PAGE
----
Variant = Mutation. (COVID-19)

Image: The Coronavirus Cell

I wondered shortly yesterday if the newly discovered COVID variants had been ruled out as “mutations”. How else could they pop up in people who haven’t traveled to or know contacts who have been to locations known to have a variant case?

Doesn’t the science on COVID say that this is possible? 

In order to answer this question, I’m going to rely on recent studies which may be few and lacking in a fine ingredient- time. What I’m looking for is observation of the virus itself at the cellular level. What I know is the spiked cell known as COVID-19…

I remembered how I know what I know is from looking at the CDC website on the first variant found in London. The section on variants has changed since I last visited, but today it says:

“Viruses constantly change through mutation, and new variants of a virus are expected to occur over time. Sometimes new variants emerge and disappear. Other times, new variants emerge and persist. Multiple variants of the virus that causes COVID-19 have been documented in the United States and globally during this pandemic.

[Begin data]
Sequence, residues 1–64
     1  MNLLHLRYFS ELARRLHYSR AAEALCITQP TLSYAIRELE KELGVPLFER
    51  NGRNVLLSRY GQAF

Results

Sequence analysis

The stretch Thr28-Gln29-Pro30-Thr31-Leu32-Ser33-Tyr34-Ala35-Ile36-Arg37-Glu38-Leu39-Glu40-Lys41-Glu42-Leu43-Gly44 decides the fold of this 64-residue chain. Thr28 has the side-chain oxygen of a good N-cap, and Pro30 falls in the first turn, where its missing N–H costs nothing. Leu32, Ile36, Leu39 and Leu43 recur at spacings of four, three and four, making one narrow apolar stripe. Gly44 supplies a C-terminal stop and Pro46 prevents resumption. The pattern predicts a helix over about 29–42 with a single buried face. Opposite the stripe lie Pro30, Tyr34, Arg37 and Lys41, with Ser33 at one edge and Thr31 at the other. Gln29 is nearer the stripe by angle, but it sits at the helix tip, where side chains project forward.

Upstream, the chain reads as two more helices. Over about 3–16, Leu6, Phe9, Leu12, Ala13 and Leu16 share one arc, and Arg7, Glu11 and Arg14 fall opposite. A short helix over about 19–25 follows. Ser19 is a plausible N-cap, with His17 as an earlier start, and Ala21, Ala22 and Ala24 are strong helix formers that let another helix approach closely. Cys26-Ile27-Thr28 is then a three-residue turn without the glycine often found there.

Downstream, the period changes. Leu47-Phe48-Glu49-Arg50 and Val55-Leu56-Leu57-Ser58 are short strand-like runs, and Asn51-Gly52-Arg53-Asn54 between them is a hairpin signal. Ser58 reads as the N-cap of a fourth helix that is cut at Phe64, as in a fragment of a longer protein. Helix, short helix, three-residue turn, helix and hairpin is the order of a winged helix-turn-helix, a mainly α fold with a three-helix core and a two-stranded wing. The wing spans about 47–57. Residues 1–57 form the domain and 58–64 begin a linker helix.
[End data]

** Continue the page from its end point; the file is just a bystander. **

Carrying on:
The virus that causes COVID-19 is a type of coronavirus, a large family of viruses. Coronaviruses are named for the crown-like spikes on their surfaces. Scientists monitor changes in the virus, including changes to the spikes on the surface of the virus. These studies, including genetic analyses of the virus, are helping us understand how changes to the virus might affect how it spreads and what happens to people who are infected with it.”


There it is… first sentence. Thank you, go home. 

Almost… My question came from the language used in NBC Nightly News with Lester Holt yesterday. Holt himself spoke of a variant found in Africa and it sounded like he thought it was a strain of marijuana, again, just in the language of it. I wish I had a quote. 

But just as a point of clarification, a mutation in the virus that causes COVID-19 is exactly what a variant is. That says to me that the virus is evolving, and the fact that it spreads faster now worries me. 

I don’t know when my population of eligibility will be vaccinated. Don’t really know which tier of vulnerability I am classified as. That worries me too.

But you can at least classify me as ready to be vaccinated, sure of it’s efficacy, I’d prefer the Oxford-AstraZeneca vaccination, but I can only speculate on where I am in what I’m very certain is a long, long line. At least scientists are sure that the vaccines will still be as effective on any current variant/mutation of the virus as it is with the virus we’ve been dealing with for about a year now.

Stay safe. Even if you get vaccinated, wear a mask, keep your distance from people outside your home, and wash your hands.

Be well.

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